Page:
Romeo and Juliet

Type: 
Tragedy
First Performed: 
1594-95
First Printed: 
1597
"

My bounty is as boundless as the sea,
My love as deep; the more I give to thee,
The more I have, for both are infinite.

"

This tragedy is fueled by the long-standing feud between two prominent families of Verona: the Montagues and the Capulets.

Romeo, the only son of the Montagues, is persuaded by his friends to attend a masquerade party at the Capulets' home in an effort to take his mind off his hopeless love for the unattainable Rosaline. In disguise, the Montagues “crash” the Capulet's party, where Romeo—upon seeing Juliet—forgets Rosaline completely and falls immediately in love with the only daughter of his family's arch rivals. After spending the evening declaring their undying love for one another, the two are secretly married by Friar Lawrence.

The next day, Romeo quarrels with Juliet's cousin Tybalt, and Romeo's friend Mercutio is killed. Romeo avenges his friend's death by killing Tybalt, for which he is banished from Verona.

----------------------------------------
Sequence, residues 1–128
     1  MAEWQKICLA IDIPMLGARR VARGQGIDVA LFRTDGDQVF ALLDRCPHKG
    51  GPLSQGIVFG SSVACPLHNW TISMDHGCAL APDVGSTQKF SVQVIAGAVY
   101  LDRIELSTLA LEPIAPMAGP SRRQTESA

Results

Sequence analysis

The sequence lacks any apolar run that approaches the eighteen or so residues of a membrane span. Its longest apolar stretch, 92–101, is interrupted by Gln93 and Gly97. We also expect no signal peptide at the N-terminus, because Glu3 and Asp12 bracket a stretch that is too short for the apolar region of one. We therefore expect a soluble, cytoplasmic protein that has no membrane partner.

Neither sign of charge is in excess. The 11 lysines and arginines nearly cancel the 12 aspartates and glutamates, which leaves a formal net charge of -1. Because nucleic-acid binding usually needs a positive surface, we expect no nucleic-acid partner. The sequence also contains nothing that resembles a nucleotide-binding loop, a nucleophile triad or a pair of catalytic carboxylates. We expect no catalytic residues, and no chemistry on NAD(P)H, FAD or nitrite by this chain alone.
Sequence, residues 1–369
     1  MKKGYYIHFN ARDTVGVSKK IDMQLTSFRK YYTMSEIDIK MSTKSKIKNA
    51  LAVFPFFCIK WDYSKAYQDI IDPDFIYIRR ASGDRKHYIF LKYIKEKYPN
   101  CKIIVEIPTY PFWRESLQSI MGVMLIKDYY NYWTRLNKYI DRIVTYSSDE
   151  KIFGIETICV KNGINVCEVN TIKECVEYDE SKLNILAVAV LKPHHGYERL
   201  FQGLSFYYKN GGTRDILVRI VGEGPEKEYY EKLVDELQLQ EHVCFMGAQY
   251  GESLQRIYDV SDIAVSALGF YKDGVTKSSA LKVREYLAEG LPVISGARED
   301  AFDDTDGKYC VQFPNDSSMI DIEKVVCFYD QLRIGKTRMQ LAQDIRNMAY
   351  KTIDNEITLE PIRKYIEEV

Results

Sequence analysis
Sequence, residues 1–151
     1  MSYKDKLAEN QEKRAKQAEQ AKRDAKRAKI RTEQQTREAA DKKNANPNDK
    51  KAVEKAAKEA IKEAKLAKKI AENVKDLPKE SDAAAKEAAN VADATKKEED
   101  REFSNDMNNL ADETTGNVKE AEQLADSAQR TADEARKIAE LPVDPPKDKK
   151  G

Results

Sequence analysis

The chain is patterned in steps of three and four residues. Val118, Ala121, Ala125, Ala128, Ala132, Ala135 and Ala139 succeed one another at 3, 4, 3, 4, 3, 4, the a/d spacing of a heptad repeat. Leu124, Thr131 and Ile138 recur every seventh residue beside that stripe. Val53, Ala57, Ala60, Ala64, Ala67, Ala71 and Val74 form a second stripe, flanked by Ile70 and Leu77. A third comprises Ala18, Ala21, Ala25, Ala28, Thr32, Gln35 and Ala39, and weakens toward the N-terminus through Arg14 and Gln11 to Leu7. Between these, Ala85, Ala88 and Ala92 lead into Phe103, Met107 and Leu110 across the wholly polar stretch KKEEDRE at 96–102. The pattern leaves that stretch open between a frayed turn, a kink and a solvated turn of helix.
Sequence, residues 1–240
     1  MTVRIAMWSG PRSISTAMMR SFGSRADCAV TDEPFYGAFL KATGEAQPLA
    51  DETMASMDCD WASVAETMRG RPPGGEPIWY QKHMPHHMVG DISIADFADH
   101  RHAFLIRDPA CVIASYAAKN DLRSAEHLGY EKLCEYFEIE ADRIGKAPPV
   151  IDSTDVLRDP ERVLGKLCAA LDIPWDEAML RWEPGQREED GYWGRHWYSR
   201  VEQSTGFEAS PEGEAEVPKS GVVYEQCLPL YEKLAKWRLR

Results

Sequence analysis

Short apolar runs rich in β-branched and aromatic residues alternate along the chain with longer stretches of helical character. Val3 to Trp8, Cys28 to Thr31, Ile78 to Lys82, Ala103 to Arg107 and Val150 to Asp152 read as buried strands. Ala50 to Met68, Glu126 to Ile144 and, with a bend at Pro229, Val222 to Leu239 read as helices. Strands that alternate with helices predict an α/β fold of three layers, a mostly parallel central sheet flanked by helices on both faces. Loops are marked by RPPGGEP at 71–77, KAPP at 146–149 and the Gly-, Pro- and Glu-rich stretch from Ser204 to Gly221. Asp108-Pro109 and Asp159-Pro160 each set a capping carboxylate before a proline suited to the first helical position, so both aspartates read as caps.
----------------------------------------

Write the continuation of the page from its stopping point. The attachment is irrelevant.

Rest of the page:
Juliet's parents, not knowing she has already married Romeo, plan a wedding for their daughter to Count Paris. Juliet again turns to Friar Lawrence for help, and he devises a plan that they both believe will solve all their problems and reunite her with Romeo. Juliet will take an elixir that will make her appear dead, and after her parents place her in the family tomb, she can awake and escape to Mantua to be with Romeo.

However, not knowing of this plan, Romeo returns to Verona for his beloved Juliet, only to hear the news that his beloved has died. Believing this to be true, Romeo takes his own life beside his beloved. Juliet, upon awakening, sees the dead Romeo beside her and kills himself with his dagger. The two families, facing the terrible price of their grievances and their shared unimaginable grief, vow to end the feud.